Disney Princess Enchanted Tales: Follow Your Dreams Special Edition
Walt Disney Studios Home Entertainment // G // $29.99 // September 8, 2009
Review by Paul Mavis | posted September 3, 2009
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Hoping, no doubt, to generate a little more advance publicity for the upcoming addition to the Disney "Princess" line-up, The Princess and the Frog, Disney has re-released Disney Princess Enchanted Tales: Follow Your Dreams, the 2007 direct-to-DVD disc which featured Sleeping Beauty's Princess Aurora's first new adventure since the 1959 classic, as well as a then-new Aladdin adventure with Jasmine. This new "Special Edition" is exactly the same as the previous release (right down to the expired dates on the back cover art for submitting Disney Movie Rewards points), with all the extras intact. The only difference here is an additional "bonus" disc which features a sneak peek at Disney's latest hand-drawn fairy tale, The Princess and the Frog, as well as two music videos culled from other shorts. Since the main feature disc is exactly the same as the 2007 release, I've included my previous review here, and I'll briefly discuss the bonus disc - because there's not much there to discuss, frankly - in "The Extras" section below.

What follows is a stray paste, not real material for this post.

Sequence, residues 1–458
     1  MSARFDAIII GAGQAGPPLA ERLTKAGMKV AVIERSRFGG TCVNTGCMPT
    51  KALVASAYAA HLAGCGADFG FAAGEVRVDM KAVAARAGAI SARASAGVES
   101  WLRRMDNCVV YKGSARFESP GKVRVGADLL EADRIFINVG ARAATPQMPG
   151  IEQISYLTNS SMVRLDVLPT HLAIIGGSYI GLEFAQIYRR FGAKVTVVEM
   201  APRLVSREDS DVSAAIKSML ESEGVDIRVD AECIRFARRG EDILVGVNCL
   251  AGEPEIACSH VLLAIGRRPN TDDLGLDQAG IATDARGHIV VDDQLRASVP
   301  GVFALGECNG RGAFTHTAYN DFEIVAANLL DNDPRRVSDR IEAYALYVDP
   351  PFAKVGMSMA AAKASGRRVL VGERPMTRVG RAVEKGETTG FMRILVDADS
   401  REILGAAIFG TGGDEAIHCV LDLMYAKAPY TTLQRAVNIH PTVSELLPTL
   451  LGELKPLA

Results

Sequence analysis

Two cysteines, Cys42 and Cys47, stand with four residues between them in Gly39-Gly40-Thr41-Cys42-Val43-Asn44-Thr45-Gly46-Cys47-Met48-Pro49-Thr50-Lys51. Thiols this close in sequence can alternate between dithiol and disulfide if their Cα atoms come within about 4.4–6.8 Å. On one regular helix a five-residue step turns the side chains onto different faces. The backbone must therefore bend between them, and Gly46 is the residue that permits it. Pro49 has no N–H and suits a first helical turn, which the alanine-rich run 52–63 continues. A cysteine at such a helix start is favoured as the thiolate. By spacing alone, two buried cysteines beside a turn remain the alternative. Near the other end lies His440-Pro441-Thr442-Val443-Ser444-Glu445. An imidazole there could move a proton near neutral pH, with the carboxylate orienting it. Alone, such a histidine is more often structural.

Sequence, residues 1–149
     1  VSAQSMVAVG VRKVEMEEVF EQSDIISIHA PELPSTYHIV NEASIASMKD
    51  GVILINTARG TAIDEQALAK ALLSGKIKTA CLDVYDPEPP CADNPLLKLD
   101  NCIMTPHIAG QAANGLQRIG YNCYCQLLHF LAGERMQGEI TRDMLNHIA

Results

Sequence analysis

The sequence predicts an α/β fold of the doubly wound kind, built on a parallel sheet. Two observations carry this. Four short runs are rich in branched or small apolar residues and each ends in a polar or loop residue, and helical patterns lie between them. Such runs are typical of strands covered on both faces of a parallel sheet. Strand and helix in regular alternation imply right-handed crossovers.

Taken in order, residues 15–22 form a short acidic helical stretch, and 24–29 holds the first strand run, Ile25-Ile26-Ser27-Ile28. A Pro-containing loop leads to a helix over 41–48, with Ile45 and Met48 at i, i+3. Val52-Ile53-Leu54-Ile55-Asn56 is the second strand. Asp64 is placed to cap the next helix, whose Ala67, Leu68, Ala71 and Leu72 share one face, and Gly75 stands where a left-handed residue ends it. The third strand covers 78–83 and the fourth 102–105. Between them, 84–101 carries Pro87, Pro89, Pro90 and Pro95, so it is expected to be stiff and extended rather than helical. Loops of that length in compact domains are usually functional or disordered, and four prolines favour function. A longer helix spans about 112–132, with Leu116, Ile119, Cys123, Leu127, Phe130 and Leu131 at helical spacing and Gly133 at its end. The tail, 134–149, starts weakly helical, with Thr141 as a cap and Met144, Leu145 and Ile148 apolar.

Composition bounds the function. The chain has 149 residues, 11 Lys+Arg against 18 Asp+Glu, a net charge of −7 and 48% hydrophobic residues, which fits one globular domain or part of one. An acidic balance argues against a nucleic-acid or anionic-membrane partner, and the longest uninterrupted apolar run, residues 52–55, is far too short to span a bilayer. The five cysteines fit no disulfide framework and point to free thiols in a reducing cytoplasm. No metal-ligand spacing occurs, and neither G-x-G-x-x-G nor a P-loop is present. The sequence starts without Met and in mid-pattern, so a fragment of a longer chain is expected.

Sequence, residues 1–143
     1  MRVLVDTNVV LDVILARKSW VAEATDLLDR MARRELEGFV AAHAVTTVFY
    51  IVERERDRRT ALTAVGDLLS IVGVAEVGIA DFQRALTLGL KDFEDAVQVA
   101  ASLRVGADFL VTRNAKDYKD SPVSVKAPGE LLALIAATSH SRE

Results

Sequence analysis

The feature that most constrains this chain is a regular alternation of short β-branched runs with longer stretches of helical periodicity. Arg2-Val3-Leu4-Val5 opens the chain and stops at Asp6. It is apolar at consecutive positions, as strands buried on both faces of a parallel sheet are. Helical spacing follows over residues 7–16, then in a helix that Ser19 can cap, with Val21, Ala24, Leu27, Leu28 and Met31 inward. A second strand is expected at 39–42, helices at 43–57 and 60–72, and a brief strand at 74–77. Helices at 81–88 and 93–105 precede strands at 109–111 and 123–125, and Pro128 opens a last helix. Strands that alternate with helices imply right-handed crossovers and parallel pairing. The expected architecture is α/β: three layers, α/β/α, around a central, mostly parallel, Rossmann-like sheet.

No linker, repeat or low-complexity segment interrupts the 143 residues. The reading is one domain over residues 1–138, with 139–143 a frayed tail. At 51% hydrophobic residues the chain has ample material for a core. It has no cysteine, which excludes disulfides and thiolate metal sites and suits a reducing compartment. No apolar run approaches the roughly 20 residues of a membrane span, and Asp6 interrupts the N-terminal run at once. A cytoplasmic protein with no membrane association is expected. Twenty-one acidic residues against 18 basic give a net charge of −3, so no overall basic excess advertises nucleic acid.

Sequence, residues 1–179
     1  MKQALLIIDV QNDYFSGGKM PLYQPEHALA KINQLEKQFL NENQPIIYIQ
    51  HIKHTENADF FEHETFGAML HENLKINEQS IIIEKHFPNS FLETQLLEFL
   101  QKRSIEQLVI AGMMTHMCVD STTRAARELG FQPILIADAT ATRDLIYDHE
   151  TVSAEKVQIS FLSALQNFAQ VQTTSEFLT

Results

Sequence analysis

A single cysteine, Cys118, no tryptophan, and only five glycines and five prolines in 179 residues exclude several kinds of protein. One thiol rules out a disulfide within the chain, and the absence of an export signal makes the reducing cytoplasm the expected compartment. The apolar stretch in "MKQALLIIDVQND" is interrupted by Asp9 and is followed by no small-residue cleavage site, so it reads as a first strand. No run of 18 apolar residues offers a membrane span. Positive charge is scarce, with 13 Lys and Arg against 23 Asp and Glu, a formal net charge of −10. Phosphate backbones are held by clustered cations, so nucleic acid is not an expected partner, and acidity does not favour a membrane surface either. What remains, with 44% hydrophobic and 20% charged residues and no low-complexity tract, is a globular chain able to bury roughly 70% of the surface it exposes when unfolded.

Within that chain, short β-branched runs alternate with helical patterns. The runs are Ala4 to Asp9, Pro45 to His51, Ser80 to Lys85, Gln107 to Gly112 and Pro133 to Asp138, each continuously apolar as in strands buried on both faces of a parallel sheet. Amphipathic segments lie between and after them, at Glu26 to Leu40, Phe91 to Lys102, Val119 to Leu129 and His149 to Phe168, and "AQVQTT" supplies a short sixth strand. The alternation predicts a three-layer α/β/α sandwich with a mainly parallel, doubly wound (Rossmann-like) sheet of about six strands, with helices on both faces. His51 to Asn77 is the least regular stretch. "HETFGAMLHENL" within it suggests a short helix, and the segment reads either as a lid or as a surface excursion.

Having hit marketing paydirt years ago by repackaging several animated Disney heroines together under the joint label Disney Princesses, Disney continues to cater to their heretofore neglected market - young girls - with a series of DVDs promoting this incredibly lucrative line of products. Disney Princess Enchanted Tales: Follow Your Dreams shouldn't ever be considered anything other than a "product;" it's designed solely to appeal to a certain demographic, utilizing characters that are proven to move units at the retail stores. And while Disney animation purists will sniff at such crass reproduction - particularly here in Disney Princess Enchanted Tales: Follow Your Dreams, where Princess Aurora from Walt's masterpiece, Sleeping Beauty, is given her first direct-to-DVD sequel - it's important to remember that within all that "art" that old uncle Walt was pouring out, he also basically invented the entire cross-marketing technique that rules animation and feature films today, and which spawns product like Disney Princess Enchanted Tales: Follow Your Dreams.